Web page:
Next winter the much-famed Arctic Challenge contest will morph into the first-ever TTR backed World Snowboarding Championships. Taking place in Oslo, Norway in February of 2012, the WSC is part of the ongoing movement inside of snowboarding to create a "World Championship" title that everyone in the sport can look to as the ultimate achievement. We called up TAC founder Terje Haakonsen to discuss his role in the new event, why quarterpipe will be there but not boardercross, and what the IOC doesn't understand about the world's best snowboarders.
What is your role in the World Snowboarding Championships? Will you play the same role as you do at The Arctic Challenge?
I think my role will be a little different. It's the Norway Snowboarding Association together with most of the TAC crew, because we have the knowledge to do events in Norway, together with the World Snowboarding Federation and the TTR and the resort [Tryvann Vinerpark]. That's the team. My involvement is more like, I'm really focusing on the riders, how the course is built, and format and communication between riders and the production.
Will there be events in slopestyle, boardercross, and halfpipe disciplines?
No, it's going to be slopestyle and halfpipe, and we're having a quarterpipe as an opening event. There's no really world ranking in the quarterpipe because that's more like a show event.
I was actually pushing for a boardercross, too, because I think the boardercross that is out there is actually really crappy. But TTR is really a freestyle-oriented organization right now.
Do you see the WSC as a chance for riders and people who have progressed the sport to show the IOC and FIS the right way to do a world championship?
My goal really is to sit on the couch on a Sunday or a Saturday and watch snowboarding be presented by the core people who see the progression, just like any other sport. Right now, it's just a mess.
I talked to one of the IOC members at TAC this year, and he's just so old fashioned. They have such a different way of thinking. He said, for us, it's really important to have a lot of nations. But I think it's more important to have the best athletes.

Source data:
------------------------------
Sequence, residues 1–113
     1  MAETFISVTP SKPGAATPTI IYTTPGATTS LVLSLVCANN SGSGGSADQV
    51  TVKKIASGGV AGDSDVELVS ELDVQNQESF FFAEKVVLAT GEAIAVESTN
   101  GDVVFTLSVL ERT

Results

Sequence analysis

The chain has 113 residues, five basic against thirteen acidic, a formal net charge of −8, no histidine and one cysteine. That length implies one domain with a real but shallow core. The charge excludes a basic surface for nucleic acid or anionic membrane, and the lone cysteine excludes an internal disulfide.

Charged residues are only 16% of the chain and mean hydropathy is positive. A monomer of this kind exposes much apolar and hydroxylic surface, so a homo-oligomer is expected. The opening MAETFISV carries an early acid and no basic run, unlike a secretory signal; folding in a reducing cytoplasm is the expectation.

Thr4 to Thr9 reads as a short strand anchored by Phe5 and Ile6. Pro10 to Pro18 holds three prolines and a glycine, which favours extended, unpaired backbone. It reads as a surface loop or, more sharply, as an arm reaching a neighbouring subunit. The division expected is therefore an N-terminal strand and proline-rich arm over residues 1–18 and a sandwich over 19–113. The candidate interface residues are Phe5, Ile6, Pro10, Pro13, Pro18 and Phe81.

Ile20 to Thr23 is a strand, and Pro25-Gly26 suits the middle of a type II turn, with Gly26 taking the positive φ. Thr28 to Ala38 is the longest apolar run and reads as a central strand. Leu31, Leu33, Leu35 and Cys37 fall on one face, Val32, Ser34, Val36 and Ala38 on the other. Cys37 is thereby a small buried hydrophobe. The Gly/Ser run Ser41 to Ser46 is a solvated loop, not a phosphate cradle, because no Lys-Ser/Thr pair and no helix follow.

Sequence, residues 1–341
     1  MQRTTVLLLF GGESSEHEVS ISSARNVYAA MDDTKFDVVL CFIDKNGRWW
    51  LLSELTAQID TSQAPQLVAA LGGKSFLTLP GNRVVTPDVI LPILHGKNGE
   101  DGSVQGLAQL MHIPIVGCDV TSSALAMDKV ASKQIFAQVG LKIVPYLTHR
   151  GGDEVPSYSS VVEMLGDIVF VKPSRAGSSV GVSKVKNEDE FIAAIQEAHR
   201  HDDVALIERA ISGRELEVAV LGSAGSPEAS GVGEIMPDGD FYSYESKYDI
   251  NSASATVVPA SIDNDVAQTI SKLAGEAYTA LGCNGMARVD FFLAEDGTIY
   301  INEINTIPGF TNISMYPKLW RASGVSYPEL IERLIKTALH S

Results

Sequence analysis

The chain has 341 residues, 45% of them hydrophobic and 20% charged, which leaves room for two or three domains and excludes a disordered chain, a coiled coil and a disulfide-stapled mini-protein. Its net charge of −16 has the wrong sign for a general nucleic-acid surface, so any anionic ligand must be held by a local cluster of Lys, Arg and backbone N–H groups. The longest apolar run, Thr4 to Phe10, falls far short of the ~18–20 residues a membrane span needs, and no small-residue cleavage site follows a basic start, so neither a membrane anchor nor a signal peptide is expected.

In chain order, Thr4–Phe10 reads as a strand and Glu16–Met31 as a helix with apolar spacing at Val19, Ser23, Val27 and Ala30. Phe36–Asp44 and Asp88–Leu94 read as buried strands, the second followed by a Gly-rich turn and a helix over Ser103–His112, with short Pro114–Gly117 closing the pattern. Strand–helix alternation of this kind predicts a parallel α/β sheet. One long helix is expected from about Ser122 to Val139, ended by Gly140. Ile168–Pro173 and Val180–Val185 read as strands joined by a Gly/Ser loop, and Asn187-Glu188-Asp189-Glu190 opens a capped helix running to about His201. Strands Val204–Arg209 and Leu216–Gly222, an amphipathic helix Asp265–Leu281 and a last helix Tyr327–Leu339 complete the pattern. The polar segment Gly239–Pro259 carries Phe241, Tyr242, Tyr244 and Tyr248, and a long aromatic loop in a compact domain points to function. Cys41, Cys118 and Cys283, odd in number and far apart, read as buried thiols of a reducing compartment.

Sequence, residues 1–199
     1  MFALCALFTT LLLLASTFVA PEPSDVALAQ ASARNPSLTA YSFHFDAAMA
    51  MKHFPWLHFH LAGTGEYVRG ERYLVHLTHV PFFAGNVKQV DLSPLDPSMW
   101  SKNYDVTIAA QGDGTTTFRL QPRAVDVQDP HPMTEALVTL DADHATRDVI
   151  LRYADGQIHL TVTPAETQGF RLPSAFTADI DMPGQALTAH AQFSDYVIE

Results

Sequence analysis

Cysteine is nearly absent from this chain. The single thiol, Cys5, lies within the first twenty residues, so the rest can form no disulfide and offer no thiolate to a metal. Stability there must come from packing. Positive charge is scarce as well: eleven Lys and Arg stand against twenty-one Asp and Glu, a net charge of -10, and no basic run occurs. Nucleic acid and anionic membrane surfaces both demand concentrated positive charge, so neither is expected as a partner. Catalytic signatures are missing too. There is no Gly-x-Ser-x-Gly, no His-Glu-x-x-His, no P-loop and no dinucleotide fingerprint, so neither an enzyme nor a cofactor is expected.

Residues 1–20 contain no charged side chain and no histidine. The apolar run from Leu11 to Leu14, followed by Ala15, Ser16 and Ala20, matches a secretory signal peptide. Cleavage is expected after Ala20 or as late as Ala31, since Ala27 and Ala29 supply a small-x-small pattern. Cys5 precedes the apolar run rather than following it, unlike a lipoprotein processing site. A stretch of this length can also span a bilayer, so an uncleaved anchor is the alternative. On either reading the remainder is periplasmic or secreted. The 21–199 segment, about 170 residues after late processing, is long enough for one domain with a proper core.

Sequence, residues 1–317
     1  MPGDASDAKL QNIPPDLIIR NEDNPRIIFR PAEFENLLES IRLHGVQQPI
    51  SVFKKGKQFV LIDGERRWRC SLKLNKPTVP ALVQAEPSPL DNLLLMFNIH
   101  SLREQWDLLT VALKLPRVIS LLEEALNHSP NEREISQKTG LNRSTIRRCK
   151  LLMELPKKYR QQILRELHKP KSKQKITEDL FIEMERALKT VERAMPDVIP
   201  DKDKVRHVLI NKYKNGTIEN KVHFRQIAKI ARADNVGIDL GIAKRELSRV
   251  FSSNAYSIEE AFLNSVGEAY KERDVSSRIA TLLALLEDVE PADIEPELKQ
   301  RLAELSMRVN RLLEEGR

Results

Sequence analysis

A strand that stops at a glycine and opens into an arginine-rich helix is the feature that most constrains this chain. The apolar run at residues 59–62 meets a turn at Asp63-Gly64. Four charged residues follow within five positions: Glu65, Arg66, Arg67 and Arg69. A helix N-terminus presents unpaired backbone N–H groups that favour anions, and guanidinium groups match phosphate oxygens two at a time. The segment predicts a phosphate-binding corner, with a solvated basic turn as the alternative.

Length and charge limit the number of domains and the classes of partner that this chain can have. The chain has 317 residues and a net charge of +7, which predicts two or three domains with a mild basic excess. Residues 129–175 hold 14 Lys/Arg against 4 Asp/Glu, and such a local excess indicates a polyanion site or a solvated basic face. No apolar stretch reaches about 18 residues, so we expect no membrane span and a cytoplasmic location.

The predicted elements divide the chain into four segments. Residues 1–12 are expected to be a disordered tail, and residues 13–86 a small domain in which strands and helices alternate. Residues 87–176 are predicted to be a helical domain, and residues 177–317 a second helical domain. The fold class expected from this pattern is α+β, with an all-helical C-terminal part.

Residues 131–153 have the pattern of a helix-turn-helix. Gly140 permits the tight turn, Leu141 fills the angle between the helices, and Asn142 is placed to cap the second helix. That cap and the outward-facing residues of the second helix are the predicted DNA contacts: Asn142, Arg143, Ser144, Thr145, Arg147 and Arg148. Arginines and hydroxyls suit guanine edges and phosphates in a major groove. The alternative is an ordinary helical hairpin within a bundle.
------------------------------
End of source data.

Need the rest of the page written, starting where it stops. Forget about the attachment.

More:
That's why we're putting up the qualifications for the World Championships. It's not like, each country gets four riders. That doesn't make sense. That's why you get, like, the Jamaican bobsled team, or you remember Eddie the Eagle? You don't need 40 of those. It's funny for one time, or one guy. So maybe one country would get one spot each, but you don't send four people from Poland or countries that don't really have the best athletes in that sport.
If you have the best guys from Finland, Canada, or the States, they should be allowed to send ten or eight people because all those guys have a chance to get a podium. That's how different we think. If you call it a "World Championship" you have to have the best people involved.
Why do you think you have such a different perspective from the IOC?
I think it's a whole generation change because most [professional snowboarders] were brought up by companies. Equipment companies and other companies, that's our support. It's not coming from the country.
Of course, I'm proud of my country, and I love my country, but it's not really that view. Before I look at the nation, I actually look at the athlete, and see what I like in that.
What was the feedback at TAC? Do the riders understand where you're coming from?
Some guys are really young, and they get pulled left and right. I think you need to educate them a little bit. They don't know the history of everything. For sure, I think a lot of people there got more knowledge about what is going on.
So many people get injured and it's an eye-opener -- it doesn't have to be like that. Slopestyle takes a toll on the body, generally, but you can actually make courses that are not Evel Knievel-style. You don't have to be a daredevil to be a top athlete in action sports. It's a lot about technique. It's a lot about skills as well. It's not all about balls.